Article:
You shall love the Lord your God with all your heart, and with all your soul, and with all your mind [and]... You shall love your neighbour as yourself. - Matthew 22.37-39
|Mother and child. © Julianne Stewart/ABM, 2017.|
This year we aim to continue to support the Diocese of Jerusalem to address the early nutrition needs of underweight children and babies in Gaza, through the work of the Al Ahli Arab Hospital.
For many years now, the Al Ahli Arab hospital in Gaza has, in addition to its regular work as a hospital, been working with local community groups to identify, test and treat children under the age of three who have failed to thrive due to malnutrition and other, mostly congenital, reasons.
A Nutritionist who works at the hospital, Dr Suad Obaid, told ABM, as she pointed to a tiny baby wearing a red outfit, who seemed intent on defying the odds stacked against him:
“This eight- month old baby is severely underweight. His name is Majed. He still prefers breastfeeding, but I’m encouraging his mother to mix breast milk with the nutritional supplements I’m giving her. There is a milk formula for underweight infants, but at USD10 a week per child, it is too costly for us to provide. The mother has three older children and is pregnant with her fifth. The father is out of work. Majed had a premature birth, and his mother’s milk is also nutrient-deficient.
“The key success factors for this program are the mother’s cooperation and the family’s means to buy nutritious food. It can be a real challenge for many families to buy food that is low in price and also nutritious. Many families receive relief food from UNRWA (United Nations Relief and Works Agency for Palestine Refugees) and this relief food is high in calories, but low in nutrition. It was intended for emergency relief, but these people have been refugees now since 1948. Because of this, we encourage breastfeeding until the child is two, but encourage the mothers to add solid food after 6 months of age.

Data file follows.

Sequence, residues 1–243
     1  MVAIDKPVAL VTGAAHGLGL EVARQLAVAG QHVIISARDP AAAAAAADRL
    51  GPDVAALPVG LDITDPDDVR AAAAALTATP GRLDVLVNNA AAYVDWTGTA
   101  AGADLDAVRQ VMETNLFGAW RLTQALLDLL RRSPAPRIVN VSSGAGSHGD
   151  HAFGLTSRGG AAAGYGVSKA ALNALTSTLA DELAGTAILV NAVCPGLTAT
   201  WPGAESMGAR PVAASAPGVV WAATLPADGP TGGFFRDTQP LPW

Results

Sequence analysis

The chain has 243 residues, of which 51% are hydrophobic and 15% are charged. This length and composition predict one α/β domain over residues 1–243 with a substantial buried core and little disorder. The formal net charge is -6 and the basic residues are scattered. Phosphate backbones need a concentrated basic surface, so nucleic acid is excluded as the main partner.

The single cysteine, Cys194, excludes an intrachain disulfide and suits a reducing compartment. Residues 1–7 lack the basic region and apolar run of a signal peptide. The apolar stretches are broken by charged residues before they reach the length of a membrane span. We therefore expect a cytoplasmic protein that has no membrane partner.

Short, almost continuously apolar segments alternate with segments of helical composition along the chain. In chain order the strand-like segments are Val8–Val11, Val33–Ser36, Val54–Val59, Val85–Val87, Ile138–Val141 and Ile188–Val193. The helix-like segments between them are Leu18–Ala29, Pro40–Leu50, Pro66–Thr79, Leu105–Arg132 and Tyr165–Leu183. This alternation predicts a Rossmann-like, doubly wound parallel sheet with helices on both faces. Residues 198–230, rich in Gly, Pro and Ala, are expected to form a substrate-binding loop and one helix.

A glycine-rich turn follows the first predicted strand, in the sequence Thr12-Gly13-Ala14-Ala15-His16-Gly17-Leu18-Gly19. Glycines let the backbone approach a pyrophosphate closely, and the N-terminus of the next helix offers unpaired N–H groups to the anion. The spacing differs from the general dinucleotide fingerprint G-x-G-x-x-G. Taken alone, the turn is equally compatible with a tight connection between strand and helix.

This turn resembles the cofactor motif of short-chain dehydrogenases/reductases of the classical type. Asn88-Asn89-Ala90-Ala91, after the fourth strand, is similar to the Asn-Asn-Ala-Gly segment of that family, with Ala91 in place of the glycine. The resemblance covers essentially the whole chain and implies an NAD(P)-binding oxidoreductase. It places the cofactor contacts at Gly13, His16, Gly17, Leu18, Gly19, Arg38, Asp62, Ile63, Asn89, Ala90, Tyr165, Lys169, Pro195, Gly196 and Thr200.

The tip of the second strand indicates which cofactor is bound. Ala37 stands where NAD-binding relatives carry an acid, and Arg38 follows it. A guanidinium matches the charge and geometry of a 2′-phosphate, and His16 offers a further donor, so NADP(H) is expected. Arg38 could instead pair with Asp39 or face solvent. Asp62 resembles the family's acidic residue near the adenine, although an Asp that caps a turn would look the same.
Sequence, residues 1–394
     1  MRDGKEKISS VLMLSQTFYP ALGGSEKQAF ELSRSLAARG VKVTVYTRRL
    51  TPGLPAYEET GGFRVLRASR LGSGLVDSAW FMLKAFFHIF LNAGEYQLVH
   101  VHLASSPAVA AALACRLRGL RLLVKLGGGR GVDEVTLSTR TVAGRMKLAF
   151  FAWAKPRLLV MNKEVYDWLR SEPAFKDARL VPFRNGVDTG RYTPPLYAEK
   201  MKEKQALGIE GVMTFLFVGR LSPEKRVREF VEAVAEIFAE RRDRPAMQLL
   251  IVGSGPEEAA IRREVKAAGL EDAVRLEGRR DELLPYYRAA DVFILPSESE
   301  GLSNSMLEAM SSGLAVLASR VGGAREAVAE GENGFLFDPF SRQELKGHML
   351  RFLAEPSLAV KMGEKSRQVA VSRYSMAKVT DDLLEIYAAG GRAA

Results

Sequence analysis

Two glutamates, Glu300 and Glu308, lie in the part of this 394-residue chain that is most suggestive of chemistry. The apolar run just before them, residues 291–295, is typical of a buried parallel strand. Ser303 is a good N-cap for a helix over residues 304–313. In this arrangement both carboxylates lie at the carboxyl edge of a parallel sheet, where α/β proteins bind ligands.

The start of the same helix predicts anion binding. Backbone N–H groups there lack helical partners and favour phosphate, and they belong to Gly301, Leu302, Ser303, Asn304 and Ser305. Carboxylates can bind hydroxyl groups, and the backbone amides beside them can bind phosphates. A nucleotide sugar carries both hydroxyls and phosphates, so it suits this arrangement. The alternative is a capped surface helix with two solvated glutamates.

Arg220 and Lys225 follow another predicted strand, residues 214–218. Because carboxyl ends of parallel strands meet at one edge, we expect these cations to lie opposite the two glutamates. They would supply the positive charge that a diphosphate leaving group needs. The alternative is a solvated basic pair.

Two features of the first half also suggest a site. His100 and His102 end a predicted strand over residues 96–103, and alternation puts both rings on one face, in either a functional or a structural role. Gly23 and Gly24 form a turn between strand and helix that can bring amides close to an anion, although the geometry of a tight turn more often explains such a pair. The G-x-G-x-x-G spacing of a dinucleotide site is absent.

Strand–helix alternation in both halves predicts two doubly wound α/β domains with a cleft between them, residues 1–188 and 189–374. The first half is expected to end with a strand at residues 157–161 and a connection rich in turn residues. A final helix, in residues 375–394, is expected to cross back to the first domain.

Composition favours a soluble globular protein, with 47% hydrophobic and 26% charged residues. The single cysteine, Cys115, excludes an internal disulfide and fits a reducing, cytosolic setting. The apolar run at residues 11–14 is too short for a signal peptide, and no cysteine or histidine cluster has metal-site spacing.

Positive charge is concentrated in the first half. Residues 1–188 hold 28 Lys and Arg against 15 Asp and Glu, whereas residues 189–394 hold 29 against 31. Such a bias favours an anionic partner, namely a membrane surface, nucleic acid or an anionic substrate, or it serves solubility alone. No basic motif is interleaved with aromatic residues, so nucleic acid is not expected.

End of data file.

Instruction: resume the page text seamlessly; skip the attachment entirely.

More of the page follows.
"Through this program, about 80% of the children improve, but overcoming stunting takes longer. Additionally, because of the high cost of transportation to the hospital, which many families cannot afford, we are only able to target those families who live nearest to the hospital. Another challenge is that women here like to have large families – it is a security for them.”
Little Majed will visit the hospital regularly with his mother to have his progress checked by a paediatrician, and by Dr Obaid. Hopefully little Majed will be one of the 80% of children who improve through the work of the program.
Assisting the Al Ahli Hospital at community level is a strong network of community-based groups within the Gaza Strip who connect families to the hospital for assessment and possible treatment. The groups typically consist of a handful of paid staff, assisted by numerous volunteers. One such group is the Zakher Association. The head, Enam Em Samer, tells ABM: “I’m proud of my organisation and our relationship with the Ahli since 2003. And I’m proud of all the work we do with them, such as the Child Nutrition Program, and health campaigns for women.”
Your donation will help babies and children like Majed
to have a chance of a healthy childhood.
It costs $175 for one child to participate in the three month nutritional supplement intervention program, including initial screening, regular hospital visits and checks and the supplements themselves.
PS001LH needs $27,000 in 2019 (tax-deductible)
Alternatively, for donations by cheque/money order (made out to the Anglican Board of Mission - Australia), telephone or email, view contact details here. Please don’t forget to include the project name and/or code with your payment details.
Gifts to ABM will be applied to the support of project(s) selected. In the unlikely event of the project being oversubscribed or not proceeding to completion, donations will be applied to a similar project to the one(s) selected.
August 2019 - Here is an update on the work ABM has been supporting at the Al Ahli Hospital, both through this project and our emergency response. Read more
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